These two patents, one issued by Gilfillan and the second by Pelouze, may help us to narrow in on a possible business arrangement reached between Gilfillan and Pelouze. In the Pelouze patent description there is a reference to the Gilfillan patent which may indicate that it belonged to Pelouze at the time of the application of his patent on Feb 3, 1897. It is interesting that the signatures of the witnesses and the attorney are the same on both patents. Only the signature of the inventor is different, E. N. Gilfillan on patent No. 561309 and Wm. N. Pelouze on patent No. 601273.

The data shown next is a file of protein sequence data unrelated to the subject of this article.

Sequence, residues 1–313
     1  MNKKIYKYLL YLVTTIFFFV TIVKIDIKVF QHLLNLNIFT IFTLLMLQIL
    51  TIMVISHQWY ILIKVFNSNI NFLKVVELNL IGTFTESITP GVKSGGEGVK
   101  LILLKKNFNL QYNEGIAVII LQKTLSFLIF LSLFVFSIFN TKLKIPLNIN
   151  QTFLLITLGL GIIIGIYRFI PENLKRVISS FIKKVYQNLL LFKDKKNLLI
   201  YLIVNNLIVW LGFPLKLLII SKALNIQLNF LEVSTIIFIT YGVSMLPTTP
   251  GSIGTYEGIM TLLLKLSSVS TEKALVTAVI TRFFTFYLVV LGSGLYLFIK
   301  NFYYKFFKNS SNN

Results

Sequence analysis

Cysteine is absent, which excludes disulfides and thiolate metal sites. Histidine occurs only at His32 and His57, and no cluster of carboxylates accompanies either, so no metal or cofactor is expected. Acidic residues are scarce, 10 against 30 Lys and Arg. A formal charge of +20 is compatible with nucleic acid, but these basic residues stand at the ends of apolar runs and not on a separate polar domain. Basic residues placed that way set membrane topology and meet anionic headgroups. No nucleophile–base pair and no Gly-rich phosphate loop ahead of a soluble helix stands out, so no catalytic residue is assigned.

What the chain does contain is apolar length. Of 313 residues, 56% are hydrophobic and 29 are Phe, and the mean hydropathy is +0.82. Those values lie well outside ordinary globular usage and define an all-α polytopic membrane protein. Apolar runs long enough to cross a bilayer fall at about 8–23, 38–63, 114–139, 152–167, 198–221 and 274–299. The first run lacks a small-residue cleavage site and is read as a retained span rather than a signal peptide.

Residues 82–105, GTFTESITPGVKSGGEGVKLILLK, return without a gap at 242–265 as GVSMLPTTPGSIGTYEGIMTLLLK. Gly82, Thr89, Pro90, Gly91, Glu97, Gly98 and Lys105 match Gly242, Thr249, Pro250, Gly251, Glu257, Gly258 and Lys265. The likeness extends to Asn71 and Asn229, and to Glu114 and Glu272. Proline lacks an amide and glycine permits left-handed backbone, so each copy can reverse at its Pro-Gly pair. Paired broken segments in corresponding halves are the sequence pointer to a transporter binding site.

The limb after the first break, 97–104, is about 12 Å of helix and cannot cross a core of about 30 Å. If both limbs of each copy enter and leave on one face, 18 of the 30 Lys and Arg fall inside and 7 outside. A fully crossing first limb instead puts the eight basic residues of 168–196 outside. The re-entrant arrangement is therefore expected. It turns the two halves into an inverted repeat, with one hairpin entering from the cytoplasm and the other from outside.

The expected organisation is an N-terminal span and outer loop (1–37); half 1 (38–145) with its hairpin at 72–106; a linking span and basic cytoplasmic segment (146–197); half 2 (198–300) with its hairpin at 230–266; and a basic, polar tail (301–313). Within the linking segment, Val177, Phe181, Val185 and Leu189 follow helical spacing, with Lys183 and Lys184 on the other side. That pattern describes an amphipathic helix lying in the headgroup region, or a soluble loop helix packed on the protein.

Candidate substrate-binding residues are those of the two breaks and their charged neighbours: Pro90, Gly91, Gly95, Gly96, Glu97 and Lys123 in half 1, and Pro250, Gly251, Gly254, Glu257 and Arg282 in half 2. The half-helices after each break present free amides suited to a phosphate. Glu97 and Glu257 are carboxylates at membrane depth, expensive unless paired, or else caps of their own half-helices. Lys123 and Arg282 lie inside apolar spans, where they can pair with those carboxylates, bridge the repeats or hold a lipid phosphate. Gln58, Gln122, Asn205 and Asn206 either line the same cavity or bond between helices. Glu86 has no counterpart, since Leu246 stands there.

So there you have it. Essington Newell Gilfillan was a busy chap who over twenty five years or so was granted many patents, quite a number being for scales or scale related items. It is my assumption that for a period of time between 1892 and 1898 his principal business was manufacturing scales first as The Chicago Spring Balance Co. and latterly as The E. N. Gilfillan Scale and Hardware Co. It is unclear what the business arrangement between Gilfillan and Pelouze may have been. Perhaps Pelouze purchased Gilfillan’s scale business or on the other hand he may have simply purchased a number of scale related patents. We do know that after 1898 that Gilfillan was still being granted patents for scales and they did not appear to be scales that were ever manufactured or sold by Pelouze. In any event Gilfillan had a significant impact on the scale manufacturing industry, as is demonstrated by the millions of common bow front scales that have been produced by many manufacturers over the past one hundred and twenty years. Finally, I would like to thank Jan Berning for providing much of the material used in writing this article.